Do you see any possibility for more games in the Skyward Sword style or taking place in the same world?

Eiji Aonuma: With Wind Waker, the graphics were suited to handheld gaming. Also the game ended with Link embarking on a journey, so it left open the possibility of what comes after the game. With Skyward Sword, positioning it as the first Zelda game means everything else connects to it and comes after it. It becomes a little bit difficult to do something else within that world and certainly much more difficult to do something that comes before it.


Were there any gameplay elements you’d hoped to get in to Skyward Sword that didn’t quite make it?

Eiji Aonuma: Yes, there are things that were cut, but I can’t talk about them, because we’ll probably use them in the future. [laughs] Among all the things we were experimenting with early on, we took the ones that were the most fun and put them all into the game. The things that were cut were interesting ideas but needed a little more time fleshing them out and figuring out how they might work. I think that what we included ended up as the deepest and most robust Zelda game we’ve ever made.


Do you see a place in the future for voice acting in the Zelda series, or is that something that you’d still like to avoid?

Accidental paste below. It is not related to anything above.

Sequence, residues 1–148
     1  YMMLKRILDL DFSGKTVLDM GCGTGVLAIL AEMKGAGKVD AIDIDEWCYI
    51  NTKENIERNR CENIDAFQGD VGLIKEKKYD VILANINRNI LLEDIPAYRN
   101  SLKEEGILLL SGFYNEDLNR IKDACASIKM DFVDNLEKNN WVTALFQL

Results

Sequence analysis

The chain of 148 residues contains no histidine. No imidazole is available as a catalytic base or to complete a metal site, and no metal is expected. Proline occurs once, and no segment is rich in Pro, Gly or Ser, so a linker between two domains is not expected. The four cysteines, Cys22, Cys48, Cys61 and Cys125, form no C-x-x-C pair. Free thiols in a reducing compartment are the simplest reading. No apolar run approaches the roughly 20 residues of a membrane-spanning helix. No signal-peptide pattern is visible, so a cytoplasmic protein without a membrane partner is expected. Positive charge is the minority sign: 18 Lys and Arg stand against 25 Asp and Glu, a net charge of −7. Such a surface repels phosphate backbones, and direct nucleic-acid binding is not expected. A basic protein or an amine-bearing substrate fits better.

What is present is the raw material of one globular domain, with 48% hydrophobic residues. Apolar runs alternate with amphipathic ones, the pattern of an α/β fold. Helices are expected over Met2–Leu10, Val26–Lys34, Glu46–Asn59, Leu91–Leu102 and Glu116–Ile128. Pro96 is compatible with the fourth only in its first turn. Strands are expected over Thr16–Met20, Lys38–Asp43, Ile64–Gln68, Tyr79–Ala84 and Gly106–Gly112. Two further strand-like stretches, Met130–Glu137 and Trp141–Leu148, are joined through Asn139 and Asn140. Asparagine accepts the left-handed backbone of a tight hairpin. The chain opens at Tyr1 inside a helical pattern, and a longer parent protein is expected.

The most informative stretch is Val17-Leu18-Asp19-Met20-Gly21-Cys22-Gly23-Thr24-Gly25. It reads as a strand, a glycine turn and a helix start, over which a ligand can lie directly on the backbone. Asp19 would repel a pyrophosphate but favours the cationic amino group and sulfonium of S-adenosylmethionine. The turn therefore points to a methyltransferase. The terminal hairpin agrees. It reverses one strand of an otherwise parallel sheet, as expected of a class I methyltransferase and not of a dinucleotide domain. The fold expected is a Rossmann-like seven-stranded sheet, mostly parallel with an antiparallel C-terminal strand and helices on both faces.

Koji Kondo: The most important thing about the Zelda series is that the player becomes Link. One of the challenges with full voice is that if we’re trying to convey the player’s emotion through Link, but you hear Link talking in somebody else’s voice, that creates a disconnect between you and the role that you’re taking on.

Eiji Aonuma: One of the challenges with going full voice with the other characters is that because Link doesn’t talk, if you create a game where everybody else in the game speaks but Link doesn’t, it emphasizes the fact that he is silent and draws more attention to it. It’s a big challenge to find that balance between how you portray the other characters versus what you’re doing with the player’s character in a way that doesn’t make it seem awkward or out of place.

Of course, this was the first time we went with fully orchestrated songs in the game, and we’ve seen what that can do to help bring the world alive and make the game that much more fun. We’re continually looking at ways that we can evolve the series. We’re not confident that we can find the right balance with full voice, so we’ll see. The other issue is that everyone would be speaking Hylian, so even if you heard them speak, you wouldn’t understand them. [laughs]


Having proven with Skyward Sword that the Zelda series can evolve while maintaining the classic structure, what’s your vision for the future of Zelda?

Eiji Aonuma: I started working on the series not at the beginning, but part-way through its history. I think because of that, early on I was more looking objectively at the series and how we could change small, individual elements within it, rather than looking at how the series should evolve. As time has passed – particularly in the last few years – I’ve started to think a lot more about how I can take the series and really make it my own Zelda and evolve it further. As Mr. Miyamoto has allowed me to take the reins on the Zelda series, ultimately that’s what I need to do. Perhaps some people will think it’s a little bit late for me to start thinking about that, but as time goes by, that’s becoming more of a theme in how I’m approaching the series.